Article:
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            Patients' perception of hospital care in the United States.

            Patients' perceptions of their care, especially in the hospital setting, are not well known. Data from the Hospital Consumer Assessment of Healthcare Providers and Systems (HCAHPS) survey provide a portrait of patients' experiences in U.S. hospitals. We assessed the performance of hospitals across multiple domains of patients' experiences. We examined whether key characteristics of hospitals that are thought to enhance patients' experiences (i.e., a high ratio of nurses to patient-days, for-profit status, and nonacademic status) were associated with a better experience for patients. We also examined whether a hospital's performance on the HCAHPS survey was related to its performance on indicators of the quality of clinical care. We found moderately high levels of satisfaction with care (e.g., on average, 67.4% of a hospital's patients said that they would definitely recommend the hospital), with a high degree of correlation among the measures of patients' experiences (Cronbach's alpha, 0.94). As compared with hospitals in the bottom quartile of the ratio of nurses to patient-days, those in the top quartile had a somewhat better performance on the HCAHPS survey (e.g., 63.5% vs. 70.2% of patients responded that they "would definitely recommend" the hospital; P<0.001). Hospitals with a high level of patient satisfaction provided clinical care that was somewhat higher in quality for all conditions examined. For example, those in the top quartile of HCAHPS ratings performed better than those in the bottom quartile with respect to the care that patients received for acute myocardial infarction (actions taken to provide appropriate care as a proportion of all opportunities for providing such actions, 95.8% vs. 93.1% in unadjusted analyses; P<0.001) and for pneumonia (90.5% vs. 88.6% in unadjusted analyses, P<0.001). This portrait of patients' experiences in U.S. hospitals offers insights into areas that need improvement, suggests that the same characteristics of hospitals that lead to high nurse-staffing levels may be associated with better experiences for patients, and offers evidence that hospitals can provide both a high quality of clinical care and a good experience for the patient. 2008 Massachusetts Medical Society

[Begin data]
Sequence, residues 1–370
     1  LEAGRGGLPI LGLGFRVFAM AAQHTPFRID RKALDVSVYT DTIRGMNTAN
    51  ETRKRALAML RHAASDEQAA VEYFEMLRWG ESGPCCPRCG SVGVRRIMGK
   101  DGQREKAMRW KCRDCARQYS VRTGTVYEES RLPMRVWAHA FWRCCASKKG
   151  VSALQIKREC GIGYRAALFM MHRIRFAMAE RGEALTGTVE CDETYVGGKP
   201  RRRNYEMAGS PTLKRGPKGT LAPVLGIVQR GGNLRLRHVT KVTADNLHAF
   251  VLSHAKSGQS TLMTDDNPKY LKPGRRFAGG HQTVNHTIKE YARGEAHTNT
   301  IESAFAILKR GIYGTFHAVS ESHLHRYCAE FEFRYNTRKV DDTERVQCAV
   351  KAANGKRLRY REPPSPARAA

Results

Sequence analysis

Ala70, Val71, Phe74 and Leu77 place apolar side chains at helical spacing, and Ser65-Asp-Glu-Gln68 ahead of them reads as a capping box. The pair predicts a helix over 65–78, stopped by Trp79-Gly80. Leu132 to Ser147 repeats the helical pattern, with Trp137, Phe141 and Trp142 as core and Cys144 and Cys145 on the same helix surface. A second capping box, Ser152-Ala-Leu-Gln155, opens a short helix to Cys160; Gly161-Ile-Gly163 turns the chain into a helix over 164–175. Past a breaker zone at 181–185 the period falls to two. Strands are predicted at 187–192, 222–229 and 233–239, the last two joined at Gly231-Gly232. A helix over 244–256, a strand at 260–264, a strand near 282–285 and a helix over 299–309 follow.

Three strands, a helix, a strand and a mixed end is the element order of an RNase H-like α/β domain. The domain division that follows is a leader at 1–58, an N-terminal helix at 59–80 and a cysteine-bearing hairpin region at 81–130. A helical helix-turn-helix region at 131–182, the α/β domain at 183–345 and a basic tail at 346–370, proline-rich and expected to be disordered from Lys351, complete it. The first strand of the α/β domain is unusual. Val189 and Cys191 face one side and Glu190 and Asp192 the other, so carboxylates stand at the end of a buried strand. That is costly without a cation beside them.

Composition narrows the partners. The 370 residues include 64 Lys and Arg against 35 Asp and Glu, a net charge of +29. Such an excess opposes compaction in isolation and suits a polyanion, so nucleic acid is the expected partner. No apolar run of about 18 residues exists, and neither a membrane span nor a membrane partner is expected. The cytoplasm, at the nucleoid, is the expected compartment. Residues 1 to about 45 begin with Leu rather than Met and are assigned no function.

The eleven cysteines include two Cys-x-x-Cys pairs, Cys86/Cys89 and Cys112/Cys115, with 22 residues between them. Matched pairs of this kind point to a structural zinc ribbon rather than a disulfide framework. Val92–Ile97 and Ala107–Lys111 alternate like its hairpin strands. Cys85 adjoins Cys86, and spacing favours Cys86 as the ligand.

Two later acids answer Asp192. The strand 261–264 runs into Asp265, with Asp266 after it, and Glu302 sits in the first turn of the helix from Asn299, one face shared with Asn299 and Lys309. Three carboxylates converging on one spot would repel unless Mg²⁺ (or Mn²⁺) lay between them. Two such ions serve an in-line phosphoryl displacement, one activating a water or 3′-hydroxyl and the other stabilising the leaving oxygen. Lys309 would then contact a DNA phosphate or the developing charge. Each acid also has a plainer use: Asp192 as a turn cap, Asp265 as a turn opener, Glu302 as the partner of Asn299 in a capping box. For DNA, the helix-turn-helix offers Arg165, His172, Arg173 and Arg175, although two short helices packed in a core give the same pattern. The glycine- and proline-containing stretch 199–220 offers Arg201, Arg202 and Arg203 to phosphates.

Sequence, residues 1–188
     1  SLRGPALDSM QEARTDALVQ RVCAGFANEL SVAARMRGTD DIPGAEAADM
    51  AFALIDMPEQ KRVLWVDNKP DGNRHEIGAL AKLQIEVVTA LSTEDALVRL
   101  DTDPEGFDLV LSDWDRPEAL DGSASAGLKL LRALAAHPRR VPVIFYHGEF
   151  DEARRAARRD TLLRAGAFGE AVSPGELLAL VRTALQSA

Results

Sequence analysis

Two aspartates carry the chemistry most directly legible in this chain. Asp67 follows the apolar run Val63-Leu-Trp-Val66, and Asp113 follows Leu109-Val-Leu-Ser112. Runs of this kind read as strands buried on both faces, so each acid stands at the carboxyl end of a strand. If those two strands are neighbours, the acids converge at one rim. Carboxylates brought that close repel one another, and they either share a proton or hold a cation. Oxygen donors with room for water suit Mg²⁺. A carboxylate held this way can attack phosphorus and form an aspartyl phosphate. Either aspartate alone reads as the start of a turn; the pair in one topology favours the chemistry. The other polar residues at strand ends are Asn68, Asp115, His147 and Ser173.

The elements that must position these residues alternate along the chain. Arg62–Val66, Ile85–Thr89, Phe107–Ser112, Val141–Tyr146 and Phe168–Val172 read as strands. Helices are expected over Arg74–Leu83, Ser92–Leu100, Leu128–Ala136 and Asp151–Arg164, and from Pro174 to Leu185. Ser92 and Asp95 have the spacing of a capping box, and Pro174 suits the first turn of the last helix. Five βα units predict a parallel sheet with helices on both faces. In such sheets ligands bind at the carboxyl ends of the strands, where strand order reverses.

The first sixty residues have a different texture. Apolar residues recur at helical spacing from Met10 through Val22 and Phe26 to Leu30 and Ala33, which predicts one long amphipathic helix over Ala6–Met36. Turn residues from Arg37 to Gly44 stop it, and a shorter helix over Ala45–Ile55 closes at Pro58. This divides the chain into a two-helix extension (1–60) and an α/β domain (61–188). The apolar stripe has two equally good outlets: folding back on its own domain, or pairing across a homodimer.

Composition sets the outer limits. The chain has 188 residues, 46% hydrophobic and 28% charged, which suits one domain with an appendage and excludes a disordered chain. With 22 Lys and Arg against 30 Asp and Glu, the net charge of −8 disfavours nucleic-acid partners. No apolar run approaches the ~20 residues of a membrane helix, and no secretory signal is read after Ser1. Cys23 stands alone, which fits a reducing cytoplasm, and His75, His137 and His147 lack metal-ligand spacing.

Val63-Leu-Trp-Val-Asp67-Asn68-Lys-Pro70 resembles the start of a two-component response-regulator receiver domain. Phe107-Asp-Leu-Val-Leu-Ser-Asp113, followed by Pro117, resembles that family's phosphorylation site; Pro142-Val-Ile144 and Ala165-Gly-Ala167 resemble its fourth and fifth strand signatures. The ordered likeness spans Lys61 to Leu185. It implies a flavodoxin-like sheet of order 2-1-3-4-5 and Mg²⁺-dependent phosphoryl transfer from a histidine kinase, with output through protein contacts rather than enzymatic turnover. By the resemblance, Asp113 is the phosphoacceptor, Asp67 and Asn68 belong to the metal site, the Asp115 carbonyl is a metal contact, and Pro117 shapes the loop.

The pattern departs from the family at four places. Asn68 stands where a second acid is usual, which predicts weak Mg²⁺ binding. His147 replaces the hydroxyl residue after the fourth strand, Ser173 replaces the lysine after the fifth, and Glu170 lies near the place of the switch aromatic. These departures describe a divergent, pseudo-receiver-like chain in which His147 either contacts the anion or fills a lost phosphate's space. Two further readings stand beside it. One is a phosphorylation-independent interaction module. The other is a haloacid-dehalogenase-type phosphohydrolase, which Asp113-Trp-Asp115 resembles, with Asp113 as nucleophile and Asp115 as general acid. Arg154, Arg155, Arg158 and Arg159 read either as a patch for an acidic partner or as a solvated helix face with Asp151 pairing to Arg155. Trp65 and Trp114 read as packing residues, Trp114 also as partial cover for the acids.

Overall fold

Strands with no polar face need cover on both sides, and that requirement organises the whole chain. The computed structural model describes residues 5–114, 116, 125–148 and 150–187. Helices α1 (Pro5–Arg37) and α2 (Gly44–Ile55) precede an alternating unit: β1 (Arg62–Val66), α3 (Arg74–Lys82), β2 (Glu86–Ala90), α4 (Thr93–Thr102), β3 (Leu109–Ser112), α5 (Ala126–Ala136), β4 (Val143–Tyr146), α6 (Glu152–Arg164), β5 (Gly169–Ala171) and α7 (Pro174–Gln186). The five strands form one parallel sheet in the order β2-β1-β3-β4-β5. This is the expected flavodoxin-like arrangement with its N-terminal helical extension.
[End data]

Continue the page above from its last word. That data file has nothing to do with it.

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              Care in U.S. hospitals--the Hospital Quality Alliance program.

              The Hospital Quality Alliance (HQA) is the first initiative that routinely reports data on hospitals' performance nationally. Heretofore, such data have been unavailable. We used data collected by the Centers for Medicare and Medicaid Services on 10 indicators of the quality of care for acute myocardial infarction, congestive heart failure, and pneumonia. The main outcome measures were hospitals' performance with respect to each indicator and summary scores for each clinical condition. Predictors of a high level of performance were determined with the use of multivariable linear regression. A total of 3558 hospitals reported data on at least one stable measure (defined as information obtained from discharge data from at least 25 patients) during the first half of 2004. Median performance scores (expressed as the percentage of patients who satisfied the criterion) were at least 90 percent for 5 of the 10 measures but lower for the other 5. Performance varied moderately among large hospital-referral regions, with the top-ranked regions scoring 12 percentage points (for acute myocardial infarction) to 23 percentage points (for pneumonia) higher than the bottom-ranked regions. A high quality of care for acute myocardial infarction predicted a high quality of care for congestive heart failure but was only marginally better than chance at predicting a high quality of care for pneumonia. Characteristics associated with small but significant increases in performance included being an academic hospital, being in the Northeast or Midwest, and being a not-for-profit hospital. Analysis of data from the new HQA national reporting system shows that performance varies among hospitals and across indicators. Given this variation and small differences based on hospitals' characteristics, performance reporting will probably need to include numerous clinical conditions from a broad range of hospitals.

                Author and article information

                JAMA Internal Medicine
                JAMA Intern Med
                American Medical Association (AMA)
                February 27 2023
                [1 ]RAND Corporation, Arlington, Virginia
                [2 ]University of Texas at Austin
                [3 ]RAND Corporation, Santa Monica, California
                [4 ]RAND Corporation, Boston, Massachusetts
                © 2023